We’ve been feeling rather nostalgic here at the club recently – swapping stories of our early wargaming experiences and lamenting the numerous model and toy soldier shops that have fallen by the wayside.
Many of our tales seem to start with the phrase “I had a lot of Airfix soldiers when I was a child” and I was certainly no exception to this. I had loads of them – WW1, WW2, Cowboys, Indians and ACW. The HO/OO Assault sets and the 1/32 Combat Packs with the firing pillboxes.
But it is the four boxes of 1/32 Napoleonic soldiers that stand out from the rest for a couple of reasons.

Firstly, they were all painted. I was given them for my 8th or 9th birthday but before then my mother had spent hours painting them. They were all lined up on the dining table waiting for when I woke up that day.
Second, I kept the boxes. I’m not sure if it was a conscious decision, but I do remember from an early age being impressed with the artwork on them – probably the best toy soldier boxes ever designed. They’re a bit dog-eared, paint marked and have a few other dubious stains, but they all managed to survive for well over forty years.
A house move last year suddenly presented me with a lot more wall space for hanging pictures. So, I decided to dig out the boxes and give them a better life than languishing in the loft. A quick trip to my local picture framing shop and they now have pride of place on my dining room wall. A permanent reminder of those halcyon days.

And the little chaps themselves? They are still here – battered and missing paint but still ready to serve king or emperor as appropriate.

Village in a Shoebox

Club member John L takes us through his latest terrain project.

One of the problems with 28mm wargaming is the size and bulk of terrain. I resolved to deal with this by fitting as many buildings as possible in a shoebox in a systematic manner.

The first task was to determine building foot prints to fit in the box. I started with four single story wooden buildings.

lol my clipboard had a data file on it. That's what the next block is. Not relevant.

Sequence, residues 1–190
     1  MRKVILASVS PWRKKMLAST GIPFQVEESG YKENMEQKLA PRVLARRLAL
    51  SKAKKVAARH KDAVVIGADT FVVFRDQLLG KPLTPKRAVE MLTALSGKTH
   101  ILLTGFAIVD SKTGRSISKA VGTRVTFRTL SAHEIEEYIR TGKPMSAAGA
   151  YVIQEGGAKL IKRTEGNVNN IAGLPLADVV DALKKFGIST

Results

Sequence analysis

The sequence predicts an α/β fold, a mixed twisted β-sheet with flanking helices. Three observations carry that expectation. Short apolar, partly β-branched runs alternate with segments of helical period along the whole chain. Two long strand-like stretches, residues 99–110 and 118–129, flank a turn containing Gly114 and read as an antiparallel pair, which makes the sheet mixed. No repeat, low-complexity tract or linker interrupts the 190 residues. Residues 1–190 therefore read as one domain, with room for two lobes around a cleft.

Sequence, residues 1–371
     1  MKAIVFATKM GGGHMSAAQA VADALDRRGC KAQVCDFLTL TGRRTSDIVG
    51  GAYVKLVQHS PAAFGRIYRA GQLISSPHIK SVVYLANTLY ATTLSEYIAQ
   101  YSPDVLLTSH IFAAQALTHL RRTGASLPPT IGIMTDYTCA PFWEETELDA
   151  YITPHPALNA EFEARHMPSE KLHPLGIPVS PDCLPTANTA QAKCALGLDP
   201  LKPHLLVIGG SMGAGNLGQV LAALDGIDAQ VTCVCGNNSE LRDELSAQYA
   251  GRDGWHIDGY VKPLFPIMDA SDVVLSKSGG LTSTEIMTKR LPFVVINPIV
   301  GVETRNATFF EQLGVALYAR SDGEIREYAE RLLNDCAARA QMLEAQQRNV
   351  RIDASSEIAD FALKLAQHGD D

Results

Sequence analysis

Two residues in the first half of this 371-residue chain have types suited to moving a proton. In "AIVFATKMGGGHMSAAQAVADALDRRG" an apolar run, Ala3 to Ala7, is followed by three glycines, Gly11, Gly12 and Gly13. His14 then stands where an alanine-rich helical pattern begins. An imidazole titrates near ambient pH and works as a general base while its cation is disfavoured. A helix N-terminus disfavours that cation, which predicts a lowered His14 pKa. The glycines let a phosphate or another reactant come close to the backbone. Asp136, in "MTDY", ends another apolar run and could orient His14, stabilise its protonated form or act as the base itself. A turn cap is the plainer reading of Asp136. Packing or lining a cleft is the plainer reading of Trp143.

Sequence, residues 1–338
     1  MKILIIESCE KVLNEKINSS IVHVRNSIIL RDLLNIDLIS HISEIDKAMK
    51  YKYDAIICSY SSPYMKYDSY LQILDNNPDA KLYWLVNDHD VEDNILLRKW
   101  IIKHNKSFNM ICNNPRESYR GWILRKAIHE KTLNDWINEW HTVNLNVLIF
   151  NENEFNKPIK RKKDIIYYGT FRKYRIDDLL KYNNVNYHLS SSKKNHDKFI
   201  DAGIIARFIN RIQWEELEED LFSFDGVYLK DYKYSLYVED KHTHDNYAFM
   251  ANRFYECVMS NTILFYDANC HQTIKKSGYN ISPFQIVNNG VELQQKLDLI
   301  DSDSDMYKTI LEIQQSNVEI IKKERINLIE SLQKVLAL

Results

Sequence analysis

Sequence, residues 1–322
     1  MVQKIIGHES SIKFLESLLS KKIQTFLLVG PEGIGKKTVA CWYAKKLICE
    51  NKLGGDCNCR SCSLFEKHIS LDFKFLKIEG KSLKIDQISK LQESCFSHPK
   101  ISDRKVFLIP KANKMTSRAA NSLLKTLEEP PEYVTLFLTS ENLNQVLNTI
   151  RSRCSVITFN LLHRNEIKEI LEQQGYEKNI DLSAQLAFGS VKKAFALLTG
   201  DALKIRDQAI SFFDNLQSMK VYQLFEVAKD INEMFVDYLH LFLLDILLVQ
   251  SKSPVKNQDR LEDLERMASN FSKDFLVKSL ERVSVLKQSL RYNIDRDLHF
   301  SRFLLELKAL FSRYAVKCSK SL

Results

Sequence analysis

picture of model buildings
Size test for new buildings

Phase 1
These first four buildings would be the main dwellings of the village. I elected to go for an all wood finish as these would represent traditional buildings prior to modern materials (a mistake as I spent days cutting out planking from cereal box cardboard) The building shell was foam core and exposed rafters were from coffee stirrers.

picture of model buildings
The first two village dwellings

I used matchpots for the finish with light dry brushing of acrylic for the faded paintwork.

Phase 2
I looked at making a number of buildings with a concrete finish and corrugated roofing (asbestos I think). Along the centre line I could fit two inverted buildings which I decided to make as Chicken sheds.

picture of model building
Concrete style building

I covered the foamcore shell with pva and then fine sand for the concrete effect and used corrugated foam from Hobbycraft for the roofing. To get the ivy, I used Jarvis Heath Green scatter finished with Morrison’s dried mixed herbs

Phase 3
I worked out that I could fit a further four buildings in the ones I’d made in phase 1, like Russian dolls. These would be the same construction as the Chicken sheds above. I made another Chicken shed, two workshops and a small office or dwelling.

picture of model building
Building number four with rust in full affect

Phase 4
I thought I could make more buildings to fit along the sides of the box so added a further two buildings, a Sauna and a Village Store.

picture of model building
A sauna and village shop

That’s it for the moment, twelve buildings in total, I’ve still got room in the box for wooden fences but I’m glad it’s finally finished so that I can get on with playing the game!